The prostate biopsy Gleason score is a relatively accurate predictor of pathologic findings and disease-free survival, according to a study by V. Narain D.J. Grignon and other researchers published on PubMed. Results of the study placed the overall accuracy of the popular grading system at 58.3 percent, suggesting reasonable reliability.
The Gleason grading system for prostate cancer is widely used both in the United States and the rest of the world, according to Peter A. Humphrey writing for Nature. Less prevalent competing grading systems include the type used by the World Health Organization.
The system was developed by Dr. Donald F. Gleason, a Minnesota pathologist, and the Veterans Administration Cooperative Urological Research Group, explains Humphrey. During development, the Gleason grading system was tested on about 5,000 prostate cancer patients in random clinical trials that were accompanied by long-term follow-up, explains Humphrey. This rigor underlies the popularity of the ranking method.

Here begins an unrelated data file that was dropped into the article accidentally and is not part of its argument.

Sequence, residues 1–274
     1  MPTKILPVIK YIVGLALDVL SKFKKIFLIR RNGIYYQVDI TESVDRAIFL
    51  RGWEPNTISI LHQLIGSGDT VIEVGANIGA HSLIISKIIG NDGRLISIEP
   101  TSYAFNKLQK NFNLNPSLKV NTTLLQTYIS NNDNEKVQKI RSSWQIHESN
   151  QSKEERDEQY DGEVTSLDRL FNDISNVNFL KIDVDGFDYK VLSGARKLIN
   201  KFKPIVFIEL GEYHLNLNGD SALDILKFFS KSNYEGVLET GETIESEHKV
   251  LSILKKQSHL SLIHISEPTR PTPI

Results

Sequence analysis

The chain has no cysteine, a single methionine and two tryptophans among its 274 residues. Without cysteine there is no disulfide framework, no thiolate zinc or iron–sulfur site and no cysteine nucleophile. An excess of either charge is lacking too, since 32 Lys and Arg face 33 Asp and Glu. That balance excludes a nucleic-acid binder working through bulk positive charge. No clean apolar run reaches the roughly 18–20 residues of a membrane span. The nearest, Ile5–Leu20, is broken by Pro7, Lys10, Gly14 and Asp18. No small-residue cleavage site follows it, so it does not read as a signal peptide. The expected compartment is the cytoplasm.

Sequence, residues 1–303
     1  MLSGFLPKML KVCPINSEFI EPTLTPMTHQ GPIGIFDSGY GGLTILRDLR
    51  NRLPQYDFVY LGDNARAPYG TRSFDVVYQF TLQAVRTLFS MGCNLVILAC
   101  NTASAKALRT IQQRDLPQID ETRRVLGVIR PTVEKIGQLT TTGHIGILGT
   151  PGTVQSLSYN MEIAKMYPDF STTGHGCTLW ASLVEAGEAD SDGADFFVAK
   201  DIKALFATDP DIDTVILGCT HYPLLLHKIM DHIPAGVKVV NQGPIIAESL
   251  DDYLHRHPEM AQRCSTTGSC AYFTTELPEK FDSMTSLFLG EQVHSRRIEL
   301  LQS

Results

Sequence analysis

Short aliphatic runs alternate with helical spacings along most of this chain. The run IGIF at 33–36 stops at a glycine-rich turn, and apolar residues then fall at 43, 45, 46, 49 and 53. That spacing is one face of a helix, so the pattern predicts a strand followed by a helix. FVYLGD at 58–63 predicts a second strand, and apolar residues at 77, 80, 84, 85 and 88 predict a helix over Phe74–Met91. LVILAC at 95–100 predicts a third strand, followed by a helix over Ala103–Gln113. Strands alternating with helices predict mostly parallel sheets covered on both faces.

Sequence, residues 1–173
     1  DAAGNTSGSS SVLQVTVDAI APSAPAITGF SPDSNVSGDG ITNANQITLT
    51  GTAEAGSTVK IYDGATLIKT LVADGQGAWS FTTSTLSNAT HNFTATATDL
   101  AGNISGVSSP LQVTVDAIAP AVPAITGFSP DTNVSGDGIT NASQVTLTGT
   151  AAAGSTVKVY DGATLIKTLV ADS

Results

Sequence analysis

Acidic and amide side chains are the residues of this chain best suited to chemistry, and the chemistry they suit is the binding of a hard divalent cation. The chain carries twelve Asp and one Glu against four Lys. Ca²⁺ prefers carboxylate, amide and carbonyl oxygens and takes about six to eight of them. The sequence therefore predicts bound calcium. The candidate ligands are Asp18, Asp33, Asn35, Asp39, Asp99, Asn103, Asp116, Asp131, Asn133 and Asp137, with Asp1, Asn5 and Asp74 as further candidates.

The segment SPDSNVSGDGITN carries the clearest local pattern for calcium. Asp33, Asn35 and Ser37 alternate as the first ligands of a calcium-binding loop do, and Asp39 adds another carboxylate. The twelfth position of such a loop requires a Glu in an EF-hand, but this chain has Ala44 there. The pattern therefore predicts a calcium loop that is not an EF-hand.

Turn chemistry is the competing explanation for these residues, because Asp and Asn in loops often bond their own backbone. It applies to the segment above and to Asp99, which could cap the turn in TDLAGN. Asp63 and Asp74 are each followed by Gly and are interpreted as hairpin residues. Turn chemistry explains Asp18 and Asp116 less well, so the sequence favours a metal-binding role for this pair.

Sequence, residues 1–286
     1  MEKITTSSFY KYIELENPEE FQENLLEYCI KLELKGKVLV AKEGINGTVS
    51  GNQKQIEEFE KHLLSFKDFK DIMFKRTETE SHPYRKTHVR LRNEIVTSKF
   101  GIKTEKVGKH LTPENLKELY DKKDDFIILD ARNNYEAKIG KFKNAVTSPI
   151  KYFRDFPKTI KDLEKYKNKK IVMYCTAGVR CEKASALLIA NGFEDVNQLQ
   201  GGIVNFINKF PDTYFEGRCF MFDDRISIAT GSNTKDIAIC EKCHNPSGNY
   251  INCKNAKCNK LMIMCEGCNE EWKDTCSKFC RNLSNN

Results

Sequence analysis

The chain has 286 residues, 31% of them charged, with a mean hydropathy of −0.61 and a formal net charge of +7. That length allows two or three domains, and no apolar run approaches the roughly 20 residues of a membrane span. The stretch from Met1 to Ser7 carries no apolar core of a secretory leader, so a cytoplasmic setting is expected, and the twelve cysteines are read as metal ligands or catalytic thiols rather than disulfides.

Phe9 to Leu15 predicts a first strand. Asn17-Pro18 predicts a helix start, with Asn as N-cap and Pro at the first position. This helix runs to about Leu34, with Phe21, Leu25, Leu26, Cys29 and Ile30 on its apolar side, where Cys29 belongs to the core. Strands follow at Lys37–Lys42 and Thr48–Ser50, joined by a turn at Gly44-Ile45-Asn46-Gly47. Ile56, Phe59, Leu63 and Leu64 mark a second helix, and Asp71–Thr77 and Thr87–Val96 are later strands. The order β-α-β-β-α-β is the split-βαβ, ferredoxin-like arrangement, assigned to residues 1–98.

The Gleason grading system is based on certain patterns formed by prostate cancer cells at various periods of development, notes Humphrey. These patterns are uncovered through hematoxylin and eosin staining. Divided into five basic grades, these patterns are combined with complementary secondary grade patterns to produce scores of between two and 10.
Despite the relative reliability, the Gleason grading system has some weaknesses, cautions Humphrey. Results can be influenced by subjective factors, such as pathologist experience, and the method is unsuitable for use on the form of prostate cancer that afflicts the urothelial and squamous cells.